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This website includes:

  • an elaboration of my theoretical orientations towards the field of mathematics education research itself: what constitutes the (im)possible, the (non)sensical, and the (im)proper.

  • an introduction to citation network research methods, a discussion of the quantitative methods used in this citation network analysis (force-directed layout algorithms and Louvain modularity).

  • a detailed discussion of my research process from data sourcing to data processing and importing to map generation and bubble naming.

  • a list of possible uses of the maps for mathematics education researchers, graduate students, and professors.

  • the maps (citation networks) of the bubbles and foams (1970s-2010s JRME, 2000s flm, 2000s ESM) which together constitute an atlas of mathematics education research as it has been and how it has evolved from the 1970s to today. These maps include both bubbles (micro-perspective of research foci) and foam (macro-perspective of what the bubbles together constitute during each decade).

  • a virtual gallery that is a fully-interactive art gallery presentation of the theories, maps, and comparisons made in the gallery. This was used in lieu of a powerpoint presentation at my dissertation defense.

  • details of and links to purchase the book that contains the full details of analysis, the maps, theoretical orientations, and implications for the field of mathematics education research.

The field of mathematics education does not exist per se, but rather is the product of many people writing around some (disparate) ideas that have congealed into the semblance of a thing that looks solid, that looks fixed, but really is a foam: a volatile substance made from many bubbles (foci) emerging, popping, merging, and splitting. Following in the genealogical tradition of Michel Foucault, I look back at the emergence of this field called mathematics education research to trace the emergence of foci of study. From the focus on teaching and learning and achievement differences in the 1970s to issues of inclusion, racial equity, and critical research methods in the 2010s, the foci of the field have not been fixed. This shift, the fluid nature of an evolving field gives me hope. What mathematics education research is is not a natural inevitability, but the product of human action, the collision of incident, orthogonal, and/or opposite forces, and its trajectory is tied to its origins yet not deterministically.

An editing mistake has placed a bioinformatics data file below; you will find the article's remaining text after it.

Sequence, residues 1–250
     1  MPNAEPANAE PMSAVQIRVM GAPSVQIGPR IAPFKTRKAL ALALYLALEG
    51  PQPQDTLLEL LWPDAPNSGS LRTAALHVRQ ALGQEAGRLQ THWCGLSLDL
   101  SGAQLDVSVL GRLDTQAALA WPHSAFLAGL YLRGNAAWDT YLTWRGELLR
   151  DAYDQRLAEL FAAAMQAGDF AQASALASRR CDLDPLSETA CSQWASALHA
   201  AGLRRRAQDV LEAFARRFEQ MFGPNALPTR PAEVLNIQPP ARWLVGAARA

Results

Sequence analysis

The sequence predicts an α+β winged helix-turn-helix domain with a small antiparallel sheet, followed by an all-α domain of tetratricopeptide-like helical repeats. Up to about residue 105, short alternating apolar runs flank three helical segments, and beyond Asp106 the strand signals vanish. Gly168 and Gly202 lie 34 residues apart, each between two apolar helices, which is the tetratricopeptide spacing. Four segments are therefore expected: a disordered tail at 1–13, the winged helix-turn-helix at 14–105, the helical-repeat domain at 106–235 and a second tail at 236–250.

What has been done in the name of mathematics education research is not its natural inevitability but the product of these collisions of forces; this popping, merging, and splitting of bubbles, and certain foci have merely gained dominance, imbuing them with a state of presumed inevitability. Since there is no natural start/origin, there is no naturally inevitable conclusion/destination and the field can grow in new/different/unexpected ways. By looking at those articles published between 1970 and 2019 in the Journal for Research in Mathematics Education (JRME), as well as those published since 2010 in for the learning of mathematics (flm) and Educational Studies in Mathematics (ESM), I provide a tracing of a field called mathematics education research. By mapping the citation relationships of these articles and their references in their entirety, I will identify the bubbles of research in each decade of interest (5 from the JRME and 1 from each of flm and ESM). In addition, I will identify the bubbles that together constitute the foam of the field: the bubbles correspond to the different foci that, put together, share borders.

Borrowing an aesthetic sensibility from Jacques Rancière, I believe that the field, as it has been, limits what we can say is mathematics education research, what we can see as counting as mathematics education research, what we can think as mathematics education, and what we can do in the name of mathematics education research. These limits on what can be seen, said, thought, and done in the name of mathematics education research, what is (non)sensical, constitute a distribution of the sensible. The dissertation that accompanies this website serves as a perturbation of those sensible limits. Drawing on the genealogic process of Foucault, I celebrate the fact that what has been, and what currently is, is neither natural nor inevitable. Therefore, what can be in mathematics education research is limited only by our imaginations as a field.

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